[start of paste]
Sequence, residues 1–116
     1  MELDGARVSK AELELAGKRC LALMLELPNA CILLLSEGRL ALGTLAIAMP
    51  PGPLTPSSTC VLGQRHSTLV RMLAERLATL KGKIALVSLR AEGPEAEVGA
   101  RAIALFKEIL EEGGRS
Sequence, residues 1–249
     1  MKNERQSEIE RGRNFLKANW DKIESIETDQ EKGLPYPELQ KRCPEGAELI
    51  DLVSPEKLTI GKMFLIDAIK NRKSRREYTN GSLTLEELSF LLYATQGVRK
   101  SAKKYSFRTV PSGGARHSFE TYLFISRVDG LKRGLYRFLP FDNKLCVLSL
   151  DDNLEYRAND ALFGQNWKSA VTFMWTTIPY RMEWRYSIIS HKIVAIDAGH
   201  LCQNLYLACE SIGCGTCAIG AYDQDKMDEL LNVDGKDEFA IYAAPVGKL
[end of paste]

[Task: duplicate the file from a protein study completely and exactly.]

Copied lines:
Sequence, residues 1–116
     1  MELDGARVSK AELELAGKRC LALMLELPNA CILLLSEGRL ALGTLAIAMP
    51  PGPLTPSSTC VLGQRHSTLV RMLAERLATL KGKIALVSLR AEGPEAEVGA
   101  RAIALFKEIL EEGGRS
Sequence, residues 1–249
     1  MKNERQSEIE RGRNFLKANW DKIESIETDQ EKGLPYPELQ KRCPEGAELI
    51  DLVSPEKLTI GKMFLIDAIK NRKSRREYTN GSLTLEELSF LLYATQGVRK
   101  SAKKYSFRTV PSGGARHSFE TYLFISRVDG LKRGLYRFLP FDNKLCVLSL
   151  DDNLEYRAND ALFGQNWKSA VTFMWTTIPY RMEWRYSIIS HKIVAIDAGH
   201  LCQNLYLACE SIGCGTCAIG AYDQDKMDEL LNVDGKDEFA IYAAPVGKL